An exciting new major Art in Quarries project is coming to the East Mendips in 2015, with Stoke St. Michael and Chantry featuring prominently in the Trail.  Somerset Earth Science Centre (next to Moons Hill Quarry) will be one of the indoor exhibition venues and local sculptors Duncan Elliott and Fiona Campbell are two of the artists involved.  Fundraising is currently ongoing for the project, with a crowd funding campaign running on IdeasTap, which includes a short film to illustrate the project.  Any support for the project would be much appreciated via this external link:


step in stone will be a collaborative, multi-stranded art trail around 3-4 disused and working quarries in the East Mendips to illuminate these spectacular, hidden landscapes and explore Somerset’s heritage and beauty.  The artists will develop and create a series of research-led site-specific temporary artworks for a curated trail in response to the nature of quarries. Contemporary sculpture, land art, photography, textiles, painting, drawing, sound, spatial poetry and printmaking will be installed within these environments, aiming to surprise, delight, challenge, fascinate and inform.  

A free event to the public, the quarry art trail will encompass natural history, ecology and geology.  Through partnerships with Somerset Art Works, Mendip AONB and Somerset Wildlife Trust we will inspire and engage the wider community via guided tours, talks and family workshops with contributing artists and linked exhibitions in the Black Swan Arts Centre, Frome and Somerset Earth Science Centre, near Shepton Mallet.


Quarries are a huge part of Somerset's industrial past and present. Limestone concrete is one of the most widely used construction materials in the world.  Steeped in controversy, mystery and bio-diversity, many quarries are now disused, enigmatic environments, taken over by wildlife, some designated as Sites of Special Scientific interest. Others are desolate underworlds of canyons, lakes, huge ruins and rusting industrial machinery - fossils of an ancient era.  The pros and cons of quarrying are ambiguous and controversial, fodder for comment and enquiry.  The drama and grandeur of these largely concealed landscapes, which provide an extraordinary backdrop for experiencing art, will be revealed, offering visitors moments of insight and wonder.

step in stone curator and artist Fiona Campbell discovered disused quarries through exploratory dog walks. Fascinated by them, she also found them a useful source of discarded scrap metal for her sculptural work.  After 3 years of investigation, Fiona has brought together groups of like-minded passionate artists, scientists and educators for the project.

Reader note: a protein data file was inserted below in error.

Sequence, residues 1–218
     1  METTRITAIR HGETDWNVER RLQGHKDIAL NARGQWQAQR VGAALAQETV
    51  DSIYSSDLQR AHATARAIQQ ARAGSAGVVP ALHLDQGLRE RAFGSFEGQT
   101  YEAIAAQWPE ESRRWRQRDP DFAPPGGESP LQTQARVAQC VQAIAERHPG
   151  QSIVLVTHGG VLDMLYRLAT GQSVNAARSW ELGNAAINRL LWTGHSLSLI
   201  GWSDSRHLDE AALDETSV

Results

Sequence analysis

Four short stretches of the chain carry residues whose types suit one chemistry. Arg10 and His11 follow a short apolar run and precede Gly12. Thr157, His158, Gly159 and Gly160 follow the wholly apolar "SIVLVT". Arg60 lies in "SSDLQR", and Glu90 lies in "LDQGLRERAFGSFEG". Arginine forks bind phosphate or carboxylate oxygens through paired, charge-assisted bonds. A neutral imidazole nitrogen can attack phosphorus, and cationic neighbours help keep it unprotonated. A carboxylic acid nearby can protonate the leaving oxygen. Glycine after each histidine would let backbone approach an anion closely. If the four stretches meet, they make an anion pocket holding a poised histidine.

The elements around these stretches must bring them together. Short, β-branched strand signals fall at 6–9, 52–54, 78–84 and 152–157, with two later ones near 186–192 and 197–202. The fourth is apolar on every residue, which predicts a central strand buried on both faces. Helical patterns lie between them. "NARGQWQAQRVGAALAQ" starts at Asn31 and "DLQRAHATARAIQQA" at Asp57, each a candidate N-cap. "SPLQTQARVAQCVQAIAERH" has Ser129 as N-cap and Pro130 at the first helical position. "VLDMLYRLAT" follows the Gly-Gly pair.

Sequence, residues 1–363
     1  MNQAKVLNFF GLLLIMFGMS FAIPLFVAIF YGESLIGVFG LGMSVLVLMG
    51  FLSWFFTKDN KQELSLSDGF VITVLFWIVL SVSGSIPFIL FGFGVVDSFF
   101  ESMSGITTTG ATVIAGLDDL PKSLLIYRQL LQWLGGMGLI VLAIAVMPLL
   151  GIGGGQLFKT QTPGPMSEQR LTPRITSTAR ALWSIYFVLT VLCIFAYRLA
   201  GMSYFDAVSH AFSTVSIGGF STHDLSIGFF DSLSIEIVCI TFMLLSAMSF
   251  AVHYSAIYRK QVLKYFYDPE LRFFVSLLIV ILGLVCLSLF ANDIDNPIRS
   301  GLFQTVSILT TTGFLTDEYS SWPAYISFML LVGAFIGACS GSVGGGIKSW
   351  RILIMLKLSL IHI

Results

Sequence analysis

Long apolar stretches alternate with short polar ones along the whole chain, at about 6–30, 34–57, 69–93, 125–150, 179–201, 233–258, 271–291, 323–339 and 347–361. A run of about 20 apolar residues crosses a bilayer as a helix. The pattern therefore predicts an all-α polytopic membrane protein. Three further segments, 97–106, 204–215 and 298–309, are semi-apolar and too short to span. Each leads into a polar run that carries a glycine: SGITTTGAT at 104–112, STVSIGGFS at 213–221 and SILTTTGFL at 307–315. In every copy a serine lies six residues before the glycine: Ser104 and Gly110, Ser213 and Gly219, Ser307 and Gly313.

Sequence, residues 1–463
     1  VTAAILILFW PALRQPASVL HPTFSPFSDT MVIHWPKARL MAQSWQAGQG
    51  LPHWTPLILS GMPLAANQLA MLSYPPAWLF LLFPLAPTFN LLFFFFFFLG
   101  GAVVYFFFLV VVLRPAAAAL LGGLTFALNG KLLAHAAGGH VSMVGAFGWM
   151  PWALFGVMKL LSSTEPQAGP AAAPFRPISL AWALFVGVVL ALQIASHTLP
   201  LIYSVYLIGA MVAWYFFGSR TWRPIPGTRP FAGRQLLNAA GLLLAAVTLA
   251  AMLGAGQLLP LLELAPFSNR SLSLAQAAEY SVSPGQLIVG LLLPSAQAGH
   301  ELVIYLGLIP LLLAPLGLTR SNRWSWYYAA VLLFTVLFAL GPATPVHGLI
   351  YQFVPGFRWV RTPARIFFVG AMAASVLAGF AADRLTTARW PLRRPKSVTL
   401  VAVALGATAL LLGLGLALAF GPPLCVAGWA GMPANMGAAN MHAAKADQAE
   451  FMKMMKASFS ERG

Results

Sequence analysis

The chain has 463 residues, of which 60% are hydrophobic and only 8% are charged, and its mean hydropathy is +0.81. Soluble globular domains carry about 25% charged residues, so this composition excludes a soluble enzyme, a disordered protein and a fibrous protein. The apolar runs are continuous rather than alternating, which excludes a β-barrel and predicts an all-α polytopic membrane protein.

There are limited arts activities in rural East Mendip.  We want as broad an audience as possible to appreciate fresh, contemporary art in inspiring settings.  At the same time we want to encourage more people to explore the natural, cultural and industrial heritage of Somerset.  As well as leaflets, worksheets, blog & soundcloud we will produce a quality step in stone catalogue & documentary film, creating a lasting legacy.


The team includes leading local, regional and international artists, invited and selected with the assistance of Somerset Art Works and Black Swan Arts Centre.  Fiona Campbell, with help from Amanda Wallwork (Sherborne House Arts Director & co-curator of exlab & B-side Fest, Dorset) and Zoe Li (SAW & Arts Council manager) will curate the project.  Somerset Earth Science Centre and Black Swan Arts Centre will host related exhibitions. Other parties such as Somerset Wildlife TrustMendip AONB and Ruth Worsley (Education coordinator, Quarry Faces) will be involved in public engagement and we have so far acquired plenty of public support. step in stone offers new opportunities for cross-fertilisation, challenges and development of practice for featured artists and an opportunity for fresh collaboration between artists, host bodies, local communities and educational groups. Drawn from as far away as Australia, all artists have a connection with the South West of England, most being based there. 


Planned for July–Oct '15, the finale will tie in with Somerset Art Weeks Festival '15 and a related exhibition at Black Swan Arts Centre, Frome (3-18 Oct).  An accompanying exhibition at Somerset Earth Science Centre will be held from July-October to include Christina White’s impressive quarry photographs..

Workshops in July, August and October ’15 at Somerset Earth Science Centre will link with SAW’s InspirED delivery to schools, as well as the wider community. 


Halecombe (working quarry – confirmed use by La Farge Tarmac) has a peripheral circular public pathway overlooking the quarry.  Westdown (disused quarry – agreed by Hansons) is massive, dramatic, with a long pathway and stream leading to Asham Woods (SSSI).  It was used as a backdrop for filming Dr WhoMoon’s Hill (working quarry – Wainwrights) is next to Somerset Earth Science Centre.  We hope to site a large sculpture at the main entrance, as a beacon.  Fairy Cave (disused quarry - confirmed use for finale fortnight during Somerset Arts Festival '15) has stunning limestone rock formations and caves.  All quarries are in close proximity to SESC, Stoke St Michael and not far from Black Swan Arts Centre, Frome.